I’ll let the other blogs discuss what Vasari is and the finer points of the program.  But simply put Vasari is a stripped down version of Revit 2011 which is great for conceptual design and early energy analysis.  One great thing about the program is that it will run off a USB thumb drive.

So, the only question now is: Do you have Vasari on your thumb drive?  It’s on mine and has accrued hours of use!

Links not to miss:

– Jake Boen


Custom Revit Fill Patterns with AutoCAD & HatchMaker.lsp

December 3, 2010

I’ve been looking online for some help to create more custom fill patterns to add to my Revit library. There’s not much out there if you are willing to:

  • go cross-eyed figuring out how to type code (1, -1, 0, 7)  to create a  .pat file that Revit will read and display correctly (open the .pat file in Notepad and see)
  • hand over $125  for HatchKit

In your arsenal of tools, I’m sure you have an ancient 2D program called AutoCAD. Remember that one? In most cases it is probably installed on your machine because a) it is part of the AutoCAD-Revit Suite b) you still keep a Desktop shortcut of it to complete your documents. Well, blow the dust off  AutoCAD and prepare to use it for this step-by-step tutorial. We’re going to create a Split Face CMU model fill pattern. Don’t worry. I’ll get you in and out of AutoCAD in no time and displaying the nice new model pattern in Revit.

  1. Open AutoCAD
  2. File> New (using the default drawing template is fine)
  3. In the Command prompt type: APPLOAD
  4. Navigate to the HatchMaker.lsp file (you can download it here)
  5. Load & Close the dialogue box
  6. In the Command prompt type:  DRAWHATCH (note: the message of the 1×1 box, etc),  Click OK
  7. In the Command prompt type: L
  8. With the line tool, draw the 3 horizontal lines (red) and then the 3 short vertical lines (blue). This will make up the repeating module for the CMU block fill pattern.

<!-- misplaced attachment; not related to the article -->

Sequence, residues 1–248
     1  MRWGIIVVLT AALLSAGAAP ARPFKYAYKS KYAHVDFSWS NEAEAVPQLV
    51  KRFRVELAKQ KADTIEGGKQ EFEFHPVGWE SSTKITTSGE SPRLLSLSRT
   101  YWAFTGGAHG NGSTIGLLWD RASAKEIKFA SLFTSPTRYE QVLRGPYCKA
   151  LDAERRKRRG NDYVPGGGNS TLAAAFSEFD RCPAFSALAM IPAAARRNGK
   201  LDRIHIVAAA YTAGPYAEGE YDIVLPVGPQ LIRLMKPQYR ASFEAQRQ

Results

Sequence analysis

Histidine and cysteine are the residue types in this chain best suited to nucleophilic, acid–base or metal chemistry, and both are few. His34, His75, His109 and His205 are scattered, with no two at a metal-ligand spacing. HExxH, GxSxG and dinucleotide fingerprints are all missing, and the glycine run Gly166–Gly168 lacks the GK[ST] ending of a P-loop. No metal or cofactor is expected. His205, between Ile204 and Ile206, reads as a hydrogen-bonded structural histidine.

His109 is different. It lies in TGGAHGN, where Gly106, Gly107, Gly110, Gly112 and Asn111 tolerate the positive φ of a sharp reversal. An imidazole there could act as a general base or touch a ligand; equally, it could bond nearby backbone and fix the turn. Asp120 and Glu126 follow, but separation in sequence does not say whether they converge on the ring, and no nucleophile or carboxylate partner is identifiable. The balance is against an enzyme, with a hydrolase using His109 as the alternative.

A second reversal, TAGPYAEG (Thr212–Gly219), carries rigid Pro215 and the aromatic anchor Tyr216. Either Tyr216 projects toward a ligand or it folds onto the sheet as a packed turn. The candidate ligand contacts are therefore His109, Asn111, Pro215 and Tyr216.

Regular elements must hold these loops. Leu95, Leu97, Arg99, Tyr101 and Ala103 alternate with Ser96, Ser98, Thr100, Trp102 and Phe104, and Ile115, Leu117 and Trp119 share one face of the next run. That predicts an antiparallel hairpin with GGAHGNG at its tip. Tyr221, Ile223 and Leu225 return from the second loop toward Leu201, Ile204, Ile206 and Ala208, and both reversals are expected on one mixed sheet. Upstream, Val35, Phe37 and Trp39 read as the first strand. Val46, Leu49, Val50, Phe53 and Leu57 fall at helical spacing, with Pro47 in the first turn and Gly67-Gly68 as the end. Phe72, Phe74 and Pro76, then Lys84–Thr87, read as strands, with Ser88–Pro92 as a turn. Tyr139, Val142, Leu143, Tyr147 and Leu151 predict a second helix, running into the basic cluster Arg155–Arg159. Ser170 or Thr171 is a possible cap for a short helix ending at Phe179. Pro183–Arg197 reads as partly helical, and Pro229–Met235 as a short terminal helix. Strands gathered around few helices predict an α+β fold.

9. We need add a sand/dot poche to the block to make it stand out as a different type of block
  10. In the Command prompt type: H (this is the hatch command)
  11. Make your settings like this. You’ll also need to select the 1×1 polyline square to define the limits of the hatch. You can Preview or hit OK to accept the settings
  12. Select one of the dots of the poche to select the hatch itself
  13. We need to explode the hatch by typing X in the command prompt
  14. Now the poche is just a series of very small lines and not a bounded hatch
  15. In the Command prompt type: SAVEHATCH
  16. Read prompt, hit enter and window select everything
  17. Read the Command prompt and describe the hatch: splitfacecmu
  18. Name and save your .pat file
  19. Open your newly created .pat file in Notepad
  20. Replace the first line with*Split Face CMU,   Split Face CMU
  21. Save and Close Notepad
  1. Open Revit
  2. Go to Manage> Settings> Fill Patterns
  3. Under Pattern Type, click the radio button Model
  4. New> radio button Custom> Import
  5. Load the Split Face CMU .pat file
  6. Import Scale:  16 (Because the width of the module was one block wide, and typically one CMU block is 16 inches)
  7. Click OK
  8. Now you have a Split Face CMU Model pattern that can be used to differentiate different types of block

Things to Note:

  • If your sand/dot poche is too dense, printing your view can be timely, so choose your hatch scale wisely
  • The preloaded .pat file for Revit resides:
    C:\Program Files\Revit Architecture 20XX\Data
  • HatchMaker only accepts lines and dots. Polylines will not work. When in doubt Explode
  • It is neccessary to add those first couple lines of text in the .pat file via Notepad in order for Revit to read it correctly
  • Consult your Help file to learn more about custom fill patterns.

This is a graphical way to get what you need as a fill pattern instead of typing out code. Hope this helps.


SARUG Similar Link (Revit Addon)
SARUG Similar Link 001
SARUG Similar Link 002


Is IPD dead?

December 2, 2010

Here’s an interesting take on the IPD process from IDP still seems to be the Utopia of the profession. There’s a lot of ‘telling’ of IPD, but not as much ‘showing’.

Is IDP dead?